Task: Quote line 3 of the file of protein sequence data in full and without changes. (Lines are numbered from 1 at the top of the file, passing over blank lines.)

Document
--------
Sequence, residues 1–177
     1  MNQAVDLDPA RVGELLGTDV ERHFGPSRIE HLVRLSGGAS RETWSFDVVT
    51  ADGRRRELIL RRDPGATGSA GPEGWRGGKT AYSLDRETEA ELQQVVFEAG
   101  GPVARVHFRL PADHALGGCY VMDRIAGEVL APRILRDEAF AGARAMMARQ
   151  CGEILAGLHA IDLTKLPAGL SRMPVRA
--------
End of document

    51  ADGRRRELIL RRDPGATGSA GPEGWRGGKT AYSLDRETEA ELQQVVFEAG